In our increasingly multicultural society, and in an era of globalisation, it's becoming more commonplace for persons of non-English speaking backgrounds to become company directors heading up engineering, construction and property industry companies.

If you do become a company director, you are by law subject to a set of duties in the way you act towards the company. You are to act in the company’s best interests, not to allow it to trade while insolvent, to act with due skill and care, to be informed about the company, to act in good faith toward the company, to not misuse your position or information about the company, and the duty to keep proper books and records. It’s an onerous list indeed.

But what happens when a company director, as part of his or her duties, has to read documents, sometimes technical, which are written in a language which is unfamiliar to the director?

This occurred with a recent case where a director who is Chinese was involved in signing and authorising prospectus documentation when he was shown to have not read and or understood such documentation. The case is Australian Securities and Investments Commission v Sino Australia Oil and Gas Limited (in liquidation) (2016).

The director in question unfortunately did not understand English and didn’t obtain a translation of the document he signed off on.

So if you are a company director and do not read read or understand English well (or at all), and yet you accept documentation that you do not fully understand as being true and correct, this case spells danger for you.

The court said that, for example, if as a company director you read financial documentation which is common, or indeed should be common as a necessary part of your duty to be informed as to the company’s affairs, it is not just a matter of looking for ‘typos’ and or arithmetical errors. You have to actually understand and read such documentation and ensure the document is accurate in a broad sense. You should not just blindly accept the truth of its contents.

Overall, therefore, company directors in Australia – whether English speaking or non-English speaking – are subject to the same duties as ‘Australian’ directors. They should not merely sign documentation without turning their minds in a significant way to the contents of the document they are asked to sign.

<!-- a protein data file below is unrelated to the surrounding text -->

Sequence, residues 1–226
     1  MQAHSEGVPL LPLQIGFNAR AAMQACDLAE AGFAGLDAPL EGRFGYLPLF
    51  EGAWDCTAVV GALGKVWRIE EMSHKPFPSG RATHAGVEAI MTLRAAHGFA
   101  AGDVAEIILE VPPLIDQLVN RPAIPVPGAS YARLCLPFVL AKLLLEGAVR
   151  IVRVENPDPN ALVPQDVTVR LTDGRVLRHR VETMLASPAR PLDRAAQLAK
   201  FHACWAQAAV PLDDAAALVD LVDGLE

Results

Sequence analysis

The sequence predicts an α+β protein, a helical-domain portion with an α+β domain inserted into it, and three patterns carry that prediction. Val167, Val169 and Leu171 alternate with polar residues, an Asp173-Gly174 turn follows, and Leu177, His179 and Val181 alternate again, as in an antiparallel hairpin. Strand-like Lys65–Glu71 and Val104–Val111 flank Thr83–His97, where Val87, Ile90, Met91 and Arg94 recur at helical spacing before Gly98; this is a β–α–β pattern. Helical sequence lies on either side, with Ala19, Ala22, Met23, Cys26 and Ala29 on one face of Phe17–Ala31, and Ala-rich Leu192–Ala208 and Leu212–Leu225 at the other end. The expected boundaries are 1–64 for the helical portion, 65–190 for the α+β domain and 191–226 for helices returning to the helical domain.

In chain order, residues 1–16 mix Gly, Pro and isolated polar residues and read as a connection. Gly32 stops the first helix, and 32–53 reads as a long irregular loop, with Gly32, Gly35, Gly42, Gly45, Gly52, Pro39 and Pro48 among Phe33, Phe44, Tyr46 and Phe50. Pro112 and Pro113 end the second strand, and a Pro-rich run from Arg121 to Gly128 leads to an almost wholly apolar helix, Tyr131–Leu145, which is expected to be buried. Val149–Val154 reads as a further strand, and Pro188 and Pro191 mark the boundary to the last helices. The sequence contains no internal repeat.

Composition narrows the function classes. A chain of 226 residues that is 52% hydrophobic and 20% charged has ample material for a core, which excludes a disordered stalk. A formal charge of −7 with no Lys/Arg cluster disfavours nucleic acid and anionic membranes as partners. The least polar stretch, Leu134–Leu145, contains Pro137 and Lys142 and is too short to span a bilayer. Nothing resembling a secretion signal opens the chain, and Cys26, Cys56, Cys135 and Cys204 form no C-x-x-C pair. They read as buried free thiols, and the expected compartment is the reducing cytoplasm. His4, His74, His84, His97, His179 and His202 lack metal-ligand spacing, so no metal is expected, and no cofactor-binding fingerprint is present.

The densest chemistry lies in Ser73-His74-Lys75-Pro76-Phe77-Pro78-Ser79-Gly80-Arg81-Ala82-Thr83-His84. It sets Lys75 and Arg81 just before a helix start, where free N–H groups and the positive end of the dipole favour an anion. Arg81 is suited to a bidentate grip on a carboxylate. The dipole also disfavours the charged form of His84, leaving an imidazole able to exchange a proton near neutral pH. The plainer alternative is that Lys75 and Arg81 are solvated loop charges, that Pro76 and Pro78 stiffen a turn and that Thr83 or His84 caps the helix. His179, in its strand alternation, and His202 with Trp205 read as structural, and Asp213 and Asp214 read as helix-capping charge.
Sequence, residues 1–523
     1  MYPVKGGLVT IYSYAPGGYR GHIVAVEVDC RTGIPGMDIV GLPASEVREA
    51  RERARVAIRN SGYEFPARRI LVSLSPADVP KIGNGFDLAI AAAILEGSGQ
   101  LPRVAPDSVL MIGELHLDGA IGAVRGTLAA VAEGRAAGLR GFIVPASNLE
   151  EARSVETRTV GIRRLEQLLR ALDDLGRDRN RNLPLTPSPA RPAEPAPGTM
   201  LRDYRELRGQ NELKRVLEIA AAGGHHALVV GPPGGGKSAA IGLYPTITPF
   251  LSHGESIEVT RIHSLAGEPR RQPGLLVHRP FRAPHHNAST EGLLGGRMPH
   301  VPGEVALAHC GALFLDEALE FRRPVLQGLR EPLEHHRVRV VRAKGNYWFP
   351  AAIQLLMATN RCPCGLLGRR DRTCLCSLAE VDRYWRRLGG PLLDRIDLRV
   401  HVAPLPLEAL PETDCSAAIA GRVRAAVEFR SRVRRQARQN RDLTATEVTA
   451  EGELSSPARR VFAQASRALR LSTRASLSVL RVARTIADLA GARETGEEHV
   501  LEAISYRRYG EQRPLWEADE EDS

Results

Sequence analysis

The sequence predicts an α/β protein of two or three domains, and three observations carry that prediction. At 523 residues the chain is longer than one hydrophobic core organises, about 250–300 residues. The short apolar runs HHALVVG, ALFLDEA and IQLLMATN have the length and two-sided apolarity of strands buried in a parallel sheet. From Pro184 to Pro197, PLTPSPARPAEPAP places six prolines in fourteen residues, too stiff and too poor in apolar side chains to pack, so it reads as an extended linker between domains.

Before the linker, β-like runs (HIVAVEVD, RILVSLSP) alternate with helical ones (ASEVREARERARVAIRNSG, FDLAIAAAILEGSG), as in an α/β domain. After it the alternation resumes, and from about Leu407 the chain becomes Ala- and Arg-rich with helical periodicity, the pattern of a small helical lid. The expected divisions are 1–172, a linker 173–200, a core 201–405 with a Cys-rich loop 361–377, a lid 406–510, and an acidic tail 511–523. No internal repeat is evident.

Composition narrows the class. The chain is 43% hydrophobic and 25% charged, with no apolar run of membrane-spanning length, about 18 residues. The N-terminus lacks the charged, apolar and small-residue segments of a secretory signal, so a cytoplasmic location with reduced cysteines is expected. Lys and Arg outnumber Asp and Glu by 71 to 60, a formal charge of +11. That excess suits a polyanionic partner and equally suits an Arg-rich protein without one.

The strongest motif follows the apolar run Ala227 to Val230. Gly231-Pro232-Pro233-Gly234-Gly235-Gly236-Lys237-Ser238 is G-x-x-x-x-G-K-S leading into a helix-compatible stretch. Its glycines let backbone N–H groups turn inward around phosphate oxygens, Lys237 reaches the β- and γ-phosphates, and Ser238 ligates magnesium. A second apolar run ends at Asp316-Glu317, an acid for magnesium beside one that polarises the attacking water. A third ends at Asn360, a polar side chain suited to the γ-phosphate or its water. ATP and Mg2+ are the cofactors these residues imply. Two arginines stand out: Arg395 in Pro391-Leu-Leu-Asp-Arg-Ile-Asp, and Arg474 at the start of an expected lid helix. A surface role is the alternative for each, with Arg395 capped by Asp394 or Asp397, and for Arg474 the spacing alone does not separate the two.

Importantly, you must resist the temptation to blindly (which is in a sense understandable) rely on what you are told by other directors and or other persons within or outside the organisation as to the subject matter at hand. To do so and ‘get it wrong’ as this director did, will not excuse you from the legal consequences as a result.

Those consequences could be the worst case scenario result, facing a period of being banned from acting as a director. Other  consequences could be fines, repayment of any monies gained among other things.

But as said, losing your ticket to be a director could have disastrous results for not only you (losing your livelihood) but also for the company itself, and of course its reputation. By way of example, a one-person building company could lose its only building practitioner director, effectively putting it out of business altogether in some cases.

There is light at the end of tunnel, as each case does on its own facts. Just because you are in a similar situation as the director in this case doesn’t necessarily mean the court will make the same factual findings and the same result will ensue. It depends on all of the particular circumstances.

But the central lesson of the case is that as a director of a company you have certain duties to that company which you cannot legally pass on to someone else to comply with. If you are in doubt as to what you may be required to do to comply with the law in this sometimes confusing area, you should seek professional advice.